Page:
Cold War veteran also made its mark in post-9/11 world
by Jennifer McDermott
| Groton - "The weapons are offloaded, the torpedo
tubes are secure, the weapons department is ready to decommission the ship!"
" Very well."
One by one, the officers of the USS Philadelphia called out the status of their departments.
The chief of the boat, Master Chief Electronics Technician Joseph Wilt, reported that the crew was ready.
After 33 years of service, the Philadelphia (SSN 690) was decommissioned Friday at the Naval Submarine Base.
" Our ship, correction, our home may be gone, but Philadelphia will live forever in the sailors that have and will continue to serve our great Navy and our great nation," said Cmdr. David S. Soldow, the commanding officer. "Although I'm the last commanding officer of this proud warship, I am proud to say that I am a Philadelphia sailor."
Wilt yelled, "Crew, one last time! 690!"
" Philly," the sailors yelled in response.
The commissioning pennant was taken down. The quartermaster rang the bell. The guests stood.
Many in the audience had served on the Philadelphia, from the first to walk aboard to the current crew members.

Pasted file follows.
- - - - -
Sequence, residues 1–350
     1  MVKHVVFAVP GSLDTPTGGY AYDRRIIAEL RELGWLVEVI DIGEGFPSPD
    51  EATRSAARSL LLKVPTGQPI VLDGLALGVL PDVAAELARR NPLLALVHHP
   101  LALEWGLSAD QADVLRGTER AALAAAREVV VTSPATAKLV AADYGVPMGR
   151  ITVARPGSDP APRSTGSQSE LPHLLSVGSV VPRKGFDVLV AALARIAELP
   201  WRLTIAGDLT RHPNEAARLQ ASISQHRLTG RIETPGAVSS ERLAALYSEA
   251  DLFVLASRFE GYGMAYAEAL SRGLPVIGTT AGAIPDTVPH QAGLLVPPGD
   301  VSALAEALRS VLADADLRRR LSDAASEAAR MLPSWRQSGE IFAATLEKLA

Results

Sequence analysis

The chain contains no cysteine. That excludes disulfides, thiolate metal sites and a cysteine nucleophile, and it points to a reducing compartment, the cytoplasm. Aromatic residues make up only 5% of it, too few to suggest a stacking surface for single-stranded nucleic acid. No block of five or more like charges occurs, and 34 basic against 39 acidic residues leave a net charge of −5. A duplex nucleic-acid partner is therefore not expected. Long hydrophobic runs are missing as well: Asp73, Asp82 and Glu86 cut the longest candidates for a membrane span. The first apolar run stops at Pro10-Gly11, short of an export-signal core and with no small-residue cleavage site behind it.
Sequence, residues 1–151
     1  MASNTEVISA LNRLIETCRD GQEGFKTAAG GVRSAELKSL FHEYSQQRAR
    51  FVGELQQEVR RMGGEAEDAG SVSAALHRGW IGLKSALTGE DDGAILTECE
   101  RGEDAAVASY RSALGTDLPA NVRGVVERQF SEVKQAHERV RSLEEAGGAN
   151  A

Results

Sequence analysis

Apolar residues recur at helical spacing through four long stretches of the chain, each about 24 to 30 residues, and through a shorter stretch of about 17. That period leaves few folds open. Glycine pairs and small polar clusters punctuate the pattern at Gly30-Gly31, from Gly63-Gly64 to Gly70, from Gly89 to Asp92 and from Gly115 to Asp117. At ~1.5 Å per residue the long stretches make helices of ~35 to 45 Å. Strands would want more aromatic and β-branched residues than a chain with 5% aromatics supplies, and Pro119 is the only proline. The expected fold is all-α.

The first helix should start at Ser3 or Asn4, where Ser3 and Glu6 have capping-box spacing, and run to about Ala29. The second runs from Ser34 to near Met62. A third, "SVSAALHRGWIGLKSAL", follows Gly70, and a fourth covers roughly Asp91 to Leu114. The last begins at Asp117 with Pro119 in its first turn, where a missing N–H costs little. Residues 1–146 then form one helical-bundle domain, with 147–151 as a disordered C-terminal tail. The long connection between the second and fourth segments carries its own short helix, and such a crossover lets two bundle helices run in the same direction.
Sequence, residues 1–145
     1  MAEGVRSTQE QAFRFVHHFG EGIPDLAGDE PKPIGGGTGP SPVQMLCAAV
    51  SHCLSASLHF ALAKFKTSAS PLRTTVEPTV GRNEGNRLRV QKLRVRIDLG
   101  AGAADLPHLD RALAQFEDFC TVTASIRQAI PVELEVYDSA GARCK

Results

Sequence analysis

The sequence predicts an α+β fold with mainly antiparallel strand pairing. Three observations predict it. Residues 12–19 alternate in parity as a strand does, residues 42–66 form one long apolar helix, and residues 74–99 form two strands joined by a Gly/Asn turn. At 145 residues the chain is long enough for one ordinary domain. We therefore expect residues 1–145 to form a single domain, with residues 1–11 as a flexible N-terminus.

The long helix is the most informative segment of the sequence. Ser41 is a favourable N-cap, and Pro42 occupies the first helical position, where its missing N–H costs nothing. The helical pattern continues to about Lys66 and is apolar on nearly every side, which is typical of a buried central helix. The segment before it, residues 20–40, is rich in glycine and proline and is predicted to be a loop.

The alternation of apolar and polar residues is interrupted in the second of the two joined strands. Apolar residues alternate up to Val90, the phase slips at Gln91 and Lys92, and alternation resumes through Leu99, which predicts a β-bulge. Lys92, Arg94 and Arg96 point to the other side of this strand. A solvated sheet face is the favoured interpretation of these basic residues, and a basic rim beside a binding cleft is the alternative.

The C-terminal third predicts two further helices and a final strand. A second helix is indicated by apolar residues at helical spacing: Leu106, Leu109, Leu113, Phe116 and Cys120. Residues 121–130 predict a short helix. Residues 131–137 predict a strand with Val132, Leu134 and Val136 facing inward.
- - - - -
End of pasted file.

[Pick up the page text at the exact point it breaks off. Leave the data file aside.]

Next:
Commissioned in 1977, the Philadelphia was "designed to counter Soviet aggression," said Rear Adm. Douglas J. McAneny, commander of the Submarine Force, U.S. Pacific Fleet.
After the Cold War ended, many viewed Los Angeles-class submarines like the Philadelphia as "relics," said McAneny, the guest speaker who also commanded the Philadelphia from 1995 to 1998.
" But we all know now that the Philadelphia and other Los Angeles-class submarines would do much to shape the new world order," he said.
The Philadelphia deployed 16 times in support of numerous operations, including Desert Storm in 1991. The submarine was deployed on Sept. 11, 2001, and stayed out at sea an extra month in response.
Electric Boat delivered 33 out of the 62 members of the Los Angeles class of submarines to the Navy. Philadelphia was the first. McAneny asked the audience to applaud the "men and women who support us every day at Electric Boat."
EB President John P. Casey, who attended the ceremony, said McAneny's recognition of the company's contributions "should be a source of pride for every member of our entire shipbuilding team."
Many "plank owners," the officers and sailors who were part of the crew when the submarine was commissioned, traveled from across the country for the ceremony.
" We had a special bond with the ship. We put the Philadelphia into service and we're here to see it taken out," said Bob Scott of Maryland.
" It's amazing that something that powerful will be put to rest," said Don Morris Jr. of Ohio. "I walked through and she still looks ready."
The submarine now heads to Portsmouth, Va., to begin the inactivation process.